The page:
Previous Challenge Entry (Level 4 – Masters)
Topic: FIZZLE (06/09/16)
By Jan Ackerson
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I’m a writer—I tend to think in metaphors, while John is a more straightforward kind of guy. He’s a man who works with his hands, who gets dirty, who strikes up conversations with total strangers. We’d been the poster couple for the old saying that opposites attract, and it had worked for us through the first two decades of our marriage. But now it was just us again, without the buffering of our wonderful daughter. He’d begged me to try camping with him. I’m sure he thought it was romantic, a second honeymoon of sorts.
But we’d spent the day mostly in silence, awkwardly pulling back from accidental touch, sidling by each other inside the tent.
Now, sitting there near the ashes, I composed a good long speech. The sky was a pale periwinkle when John unzipped the tent some time later and pulled his camp chair opposite mine. I started to talk, surprised that my voice wasn’t as confident in reality as it had been when I’d mentally rehearsed.
“Hey, John,” I said. “I was thinking. This fire pit—it’s kind of like us.”
He looked, up, puzzled, and said, “Okay…”
“It’s a metaphor. That’s when you compare something to something else.”
John smiled. “You know, I actually knew that already.”
I breathed deeply; the air tasted of ashes. This was harder than I thought. “So…last night, when you built the fire. The way you so carefully constructed that little teepee of tender…”
“What?” John’s interruptions were interfering with my flow.
“The stuff you start a fire with. It’s tinder. Not tender.”
My shoulders slumped a bit. “Okay. Well, the metaphor works better with tender. Anyway. Starting that fire like that, it’s like when we first got married. We built a nice structure, and fed it with tinder, and it caught, and burned, and then we got really hot…”
He coughed—was he hiding a laugh?—and motioned for me to go on.
“Not hot like that—well, that too, but you know. Raising Natalie, how great she turned out, doing all those fun things together, building our house. We were kind of spectacular for a while there. But…” I looked over at John; he was poking a daddy longlegs with a stick. I couldn’t see his eyes.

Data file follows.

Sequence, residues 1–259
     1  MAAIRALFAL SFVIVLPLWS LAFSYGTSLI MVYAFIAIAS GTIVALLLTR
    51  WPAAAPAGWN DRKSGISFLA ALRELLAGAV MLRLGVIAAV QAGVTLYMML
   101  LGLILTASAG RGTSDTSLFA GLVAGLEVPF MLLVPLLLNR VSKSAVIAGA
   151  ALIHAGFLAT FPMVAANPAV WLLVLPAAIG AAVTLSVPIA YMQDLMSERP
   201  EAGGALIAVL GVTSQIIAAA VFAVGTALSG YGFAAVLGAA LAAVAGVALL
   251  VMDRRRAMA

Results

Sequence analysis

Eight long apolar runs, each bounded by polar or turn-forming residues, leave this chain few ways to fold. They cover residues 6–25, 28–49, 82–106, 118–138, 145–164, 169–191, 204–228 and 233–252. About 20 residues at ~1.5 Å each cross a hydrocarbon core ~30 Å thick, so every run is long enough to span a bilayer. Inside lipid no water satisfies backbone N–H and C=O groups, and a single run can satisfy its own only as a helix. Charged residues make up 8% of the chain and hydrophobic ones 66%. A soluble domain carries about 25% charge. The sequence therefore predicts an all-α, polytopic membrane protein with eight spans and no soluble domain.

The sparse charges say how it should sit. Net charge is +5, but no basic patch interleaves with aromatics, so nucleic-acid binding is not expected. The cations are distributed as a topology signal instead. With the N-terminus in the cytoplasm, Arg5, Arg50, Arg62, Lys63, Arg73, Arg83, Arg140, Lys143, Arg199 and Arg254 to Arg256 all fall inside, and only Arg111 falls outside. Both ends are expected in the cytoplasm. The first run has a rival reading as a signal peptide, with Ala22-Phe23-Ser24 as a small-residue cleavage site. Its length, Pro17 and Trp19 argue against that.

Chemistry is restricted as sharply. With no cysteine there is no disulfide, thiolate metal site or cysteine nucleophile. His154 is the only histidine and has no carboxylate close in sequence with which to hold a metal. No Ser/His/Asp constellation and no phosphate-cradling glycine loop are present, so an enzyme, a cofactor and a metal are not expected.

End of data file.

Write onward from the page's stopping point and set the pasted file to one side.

“And then Natalie left for school, and it’s like this fire. We just kind of…fizzled away.”
John flicked the spider into the dead leaves behind him and finally looked up at me, but he didn’t speak.
“What I’m saying is…is…there’s nothing left but ashes. You know? Maybe we should just…”
“This is the first time you’ve been camping, right?” he said. “I mean, I know we never went camping before, but when you were a kid, maybe? Girl Scouts, anything like that?”
I sighed, unsure where he was going with this, wishing he had allowed me to finish. “No, never. You really should know that. I’m not a camping sort of person.”
He studied me for a few moments, holding up one finger as if to say, Don’t talk. Then he got down on his knees. He smiled at me and said, “Watch.”
He took the stick that he’d been using to bedevil the daddy longlegs, and bent close to the ashes. He stirred them, then put his face quite close and blew gently. Nothing happened at first; a few ashes drifted in the air and settled on his eyelashes. He blew again and an orange glow appeared. Once more, and the remnants of last night’s logs began to snap in the morning air. John stood up and gathered twenty or so sticks—he fed these carefully into the coals. Then he got the firewood that he’d stashed beside the tent. In five minutes, we had a bonfire.
We watched it burn together, from opposite sides of the fire pit. After a while, I walked over to where John was standing and took his hand.
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